After finishing what I thought was the one-time devotional, I had the opportunity to read it to a Bible study group. With encouragement from that group to write more, I did so. I was further encouraged to start an online daily devotional. That devotional focuses on the discipline of being a disciple walking the road from conversion towards transformation. It is walking towards being a more mature Christian, of doing something on this side of eternity because of the assurance of my salvation in eternity.
That online devotional began in January 2019. As of this writing, I have been able to write more than 400 separate daily devotionals for publication online. And I now have email subscribers who receive it daily – around the world!
Through years of giving financial resources for God’s work, my family and I have always been grateful for God’s allowing us to be involved in giving what he has given us. But, without any doubt, I can say that what I am doing now in giving to all who read what God has taught me through the devotionals is greater reward than I have ever experienced before. I hope that my online journal and what God has given me through it will allow me to give even more to others.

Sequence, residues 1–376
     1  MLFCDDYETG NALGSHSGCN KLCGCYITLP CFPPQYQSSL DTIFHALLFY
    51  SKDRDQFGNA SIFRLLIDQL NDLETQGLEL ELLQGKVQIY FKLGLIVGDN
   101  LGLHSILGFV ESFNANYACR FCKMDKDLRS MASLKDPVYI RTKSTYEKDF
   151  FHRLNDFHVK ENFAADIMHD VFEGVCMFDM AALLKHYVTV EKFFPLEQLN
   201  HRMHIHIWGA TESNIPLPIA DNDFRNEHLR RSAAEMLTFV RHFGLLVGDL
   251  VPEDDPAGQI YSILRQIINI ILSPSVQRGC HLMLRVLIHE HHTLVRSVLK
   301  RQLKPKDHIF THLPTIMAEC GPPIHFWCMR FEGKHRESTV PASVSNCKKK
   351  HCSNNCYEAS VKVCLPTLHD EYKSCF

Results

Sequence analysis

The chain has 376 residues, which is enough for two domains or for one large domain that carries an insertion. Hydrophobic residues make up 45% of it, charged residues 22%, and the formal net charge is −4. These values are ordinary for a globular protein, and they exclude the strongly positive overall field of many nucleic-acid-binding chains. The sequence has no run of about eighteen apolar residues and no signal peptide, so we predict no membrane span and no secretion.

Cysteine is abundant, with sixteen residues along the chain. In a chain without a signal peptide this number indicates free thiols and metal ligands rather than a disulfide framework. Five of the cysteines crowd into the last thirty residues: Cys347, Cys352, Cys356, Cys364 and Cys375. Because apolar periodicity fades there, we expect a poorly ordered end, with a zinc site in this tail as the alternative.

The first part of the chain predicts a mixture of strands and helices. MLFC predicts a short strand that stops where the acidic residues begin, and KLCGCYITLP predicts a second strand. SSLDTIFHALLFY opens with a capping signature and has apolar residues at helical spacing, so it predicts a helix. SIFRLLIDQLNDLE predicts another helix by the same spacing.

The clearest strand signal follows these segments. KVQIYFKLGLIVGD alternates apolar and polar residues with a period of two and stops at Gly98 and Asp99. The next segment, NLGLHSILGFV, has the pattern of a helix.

It is a fact that a person cannot be transformed until converted, but helping others go from conversion to transformation is the passion God has given me. That transformation is my aim. I am convinced that the gift of helping with transformation will result in additional gifts for the kingdom in whatever way God is leading those who choose to be disciplined in following wherever he leads.
Read more from the Waiting for the Train blog.